Ottawa Elsie Kelly stares at the floor in her daughter’s living room as she speaks.
She’s used to the waiting.
For 16 months her family was in the dark about the whereabouts of her son, Gregory Price, until Johnson County Sheriff’s officers in April found his body inside an abandoned refrigerator near De Soto. Price would have been 34 when officers made the discovery.
But now, instead of holding out hope her son would return safely, the family’s wait is different.
“I want to see whoever did this to him punished because he didn’t deserve this,” Kelly said last Wednesday. “He didn’t deserve to be put in a refrigerator and us not knowing anything about it until a year and four months later. Gregory, he would have helped anybody. I just don’t understand.”
Johnson County Sheriff’s investigators and others have been working for the past two months to try to determine circumstances surrounding Price’s death. “We are coming close, completing interviews of everything and getting all the reports and things done,” said Master Deputy Tom Erickson, a sheriff’s spokesman.
Few public details
When they found the body, officers said they were investigating it as a suspicious death, but they have released few other details about the case. Erickson did say last week investigators were preparing to forward information in the case for prosecutors to review. He did not specify to which office it would be sent.
The case apparently has some Douglas County tie, and federal authorities are involved as well.
“We are aware of the situation,” Douglas County District Attorney Charles Branson said.
Branson said that he could not comment about specific details of the case but that his office was working with Johnson County and Douglas County sheriff’s investigators as well as prosecutors in the Johnson County District Attorney’s Office and U.S. Attorney’s Office.
‘Nothing he wouldn’t do for us’
Kelly and her daughter, Crystal Mundhenke, said Price had worked for years to straighten up his life after rough spots.
He worked construction with Kelly’s husband, Larry Kelly, and his stepfather when he was 17. But he also landed in trouble that included a two-year prison term.
“When he got back out, it was hard for him to go to work anywhere because nobody wants to hire a felon,” Elsie Kelly said.
He moved to Missouri when he got married and worked there but came back to Ottawa after a divorce. He later married his high school sweetheart at home. His employment problems persisted, and he became mixed up with people using methamphetamine, his mother said. Then he tried to beat the drug.
“He just kept telling me, ‘I’m clean, mom,’” Kelly said.
His difficult quest for a job kept him moving around. Family members recount hearing that he stayed in motels outside Lawrence and other places.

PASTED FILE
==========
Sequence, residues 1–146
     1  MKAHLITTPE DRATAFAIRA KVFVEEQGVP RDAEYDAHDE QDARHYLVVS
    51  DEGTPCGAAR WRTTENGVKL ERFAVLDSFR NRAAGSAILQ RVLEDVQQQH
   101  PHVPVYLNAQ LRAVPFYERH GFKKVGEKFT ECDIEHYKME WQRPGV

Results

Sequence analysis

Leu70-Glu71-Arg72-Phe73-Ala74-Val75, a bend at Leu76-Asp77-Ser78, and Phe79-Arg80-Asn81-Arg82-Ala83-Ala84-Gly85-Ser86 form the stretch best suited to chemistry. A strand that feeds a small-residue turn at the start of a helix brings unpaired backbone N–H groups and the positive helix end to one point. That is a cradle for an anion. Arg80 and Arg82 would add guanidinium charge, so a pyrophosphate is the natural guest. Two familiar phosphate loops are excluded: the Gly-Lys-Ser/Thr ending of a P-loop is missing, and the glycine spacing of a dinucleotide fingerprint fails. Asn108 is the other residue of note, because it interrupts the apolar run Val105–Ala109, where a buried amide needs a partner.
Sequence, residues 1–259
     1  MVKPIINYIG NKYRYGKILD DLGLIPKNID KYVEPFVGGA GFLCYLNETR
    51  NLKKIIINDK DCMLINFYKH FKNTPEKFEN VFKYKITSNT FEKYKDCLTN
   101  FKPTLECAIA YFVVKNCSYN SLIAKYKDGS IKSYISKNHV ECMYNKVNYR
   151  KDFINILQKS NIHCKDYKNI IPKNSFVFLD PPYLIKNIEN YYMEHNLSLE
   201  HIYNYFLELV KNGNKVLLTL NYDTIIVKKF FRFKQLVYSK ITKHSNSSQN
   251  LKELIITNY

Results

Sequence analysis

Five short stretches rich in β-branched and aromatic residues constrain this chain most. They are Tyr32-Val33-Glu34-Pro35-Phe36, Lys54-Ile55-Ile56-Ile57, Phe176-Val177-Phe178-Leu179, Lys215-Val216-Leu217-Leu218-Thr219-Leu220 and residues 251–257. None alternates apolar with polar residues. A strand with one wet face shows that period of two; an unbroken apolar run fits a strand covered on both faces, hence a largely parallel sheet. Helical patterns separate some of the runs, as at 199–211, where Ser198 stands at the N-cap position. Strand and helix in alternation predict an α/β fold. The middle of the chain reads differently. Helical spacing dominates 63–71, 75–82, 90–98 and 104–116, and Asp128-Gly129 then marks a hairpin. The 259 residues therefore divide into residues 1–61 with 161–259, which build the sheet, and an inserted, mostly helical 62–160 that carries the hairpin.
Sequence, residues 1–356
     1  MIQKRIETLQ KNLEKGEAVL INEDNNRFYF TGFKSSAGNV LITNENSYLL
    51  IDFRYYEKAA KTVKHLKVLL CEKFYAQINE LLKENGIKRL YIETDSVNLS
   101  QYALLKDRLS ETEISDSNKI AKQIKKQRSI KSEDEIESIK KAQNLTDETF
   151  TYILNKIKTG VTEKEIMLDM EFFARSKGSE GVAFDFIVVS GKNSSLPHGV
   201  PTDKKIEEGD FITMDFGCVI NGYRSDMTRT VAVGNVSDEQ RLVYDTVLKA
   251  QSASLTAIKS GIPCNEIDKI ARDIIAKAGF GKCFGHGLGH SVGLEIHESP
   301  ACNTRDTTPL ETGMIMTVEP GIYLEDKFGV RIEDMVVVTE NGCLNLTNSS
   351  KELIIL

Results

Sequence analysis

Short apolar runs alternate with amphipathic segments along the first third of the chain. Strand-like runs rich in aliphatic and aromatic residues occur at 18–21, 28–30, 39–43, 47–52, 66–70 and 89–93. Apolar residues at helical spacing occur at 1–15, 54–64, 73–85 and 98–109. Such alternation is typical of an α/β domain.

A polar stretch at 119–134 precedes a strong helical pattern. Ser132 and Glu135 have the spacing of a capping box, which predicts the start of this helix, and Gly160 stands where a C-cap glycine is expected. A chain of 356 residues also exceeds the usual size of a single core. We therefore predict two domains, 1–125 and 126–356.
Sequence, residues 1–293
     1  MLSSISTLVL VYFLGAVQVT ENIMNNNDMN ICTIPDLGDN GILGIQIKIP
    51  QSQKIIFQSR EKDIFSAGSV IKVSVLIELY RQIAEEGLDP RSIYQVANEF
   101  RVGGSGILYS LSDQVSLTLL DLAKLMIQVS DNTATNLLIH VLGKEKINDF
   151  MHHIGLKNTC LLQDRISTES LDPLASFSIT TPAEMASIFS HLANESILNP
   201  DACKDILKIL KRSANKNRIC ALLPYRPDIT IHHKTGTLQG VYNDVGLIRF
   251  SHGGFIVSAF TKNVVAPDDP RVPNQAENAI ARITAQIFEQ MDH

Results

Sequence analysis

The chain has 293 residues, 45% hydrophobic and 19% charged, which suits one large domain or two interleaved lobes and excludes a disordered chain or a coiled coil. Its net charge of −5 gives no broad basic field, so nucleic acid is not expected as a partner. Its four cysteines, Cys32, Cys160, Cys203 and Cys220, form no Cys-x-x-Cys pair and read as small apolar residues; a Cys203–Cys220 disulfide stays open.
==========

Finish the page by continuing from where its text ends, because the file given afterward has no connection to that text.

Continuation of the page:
But Mundhenke said that didn’t mean her brother neglected his family, including his three children, who are ages 5, 9 and 10. He also raised another child who died.
“He loved his family. There’s nothing he wouldn’t do for any us,” Mundhenke said.
Price also had other passions he tried to pass on to his children.
“He spent lots of time with his kids. He took them fishing,” Kelly said.
Price kept in constant contact by phone, even during his difficult times. He’d call his parents or siblings constantly, even if he didn’t have anything to say.
Kelly last saw him in December 2010 in the Kansas City area. He had called and said he was unemployed and hadn’t eaten for several days. Kelly bought him a meal and later dropped him off at a motel where he was staying in Missouri.
“That was it. I never saw him again after that,” she said.
When she didn’t hear from him weeks later — it was highly unusual for him not to call — she reported him missing to police. And then they waited for months until the bad news came.
“Me personally, I would have been better off not knowing because at least then we had hope, and now...” Mundhenke said as her voice trailed off.
‘I don’t understand’
According to an autopsy filed in Johnson County District Court, officers late on April 19 responded to information a confidential informant gave them and discovered the refrigerator near 103rd Street and Kill Creek Road south of Kansas Highway 10. Investigators identified the body using finger and palm prints from his right hand.
The refrigerator was sealed with screws when officers found it, and the autopsy says the body was clad in gray tarp wrapped with duct tape.
The report lists Price’s last known communication as a phone call to his mother on Dec. 24, 2010. Kelly said investigators have told her he died at the end of December in 2010.
Dr. Michael S. Handler’s coroner’s report classified the manner of death as undetermined and noted advanced decomposition of the body.
A toxicology report listed traces of methamphetamine in his liver and brain tissue and also the pain killer acetaminophen in his liver tissue.
Kelly said investigators notified family members when they identified Price’s body, but they weren’t told he was found in a refrigerator until family members received inquiries from the media. Now they continue waiting for the outcome of the investigation and still have many questions, still puzzled by the end of Price’s life.
“Greg didn’t know any strangers,” Larry Kelly said. “He talked to everybody.”
“That’s why I don’t understand,” Elsie Kelly interjected, “how anybody could hurt him like that.”
Mundhenke said she hoped people could focus on Price as a loving father and family member.
“He was my brother, and he might have had problems,” she said, “but he didn’t deserve that.”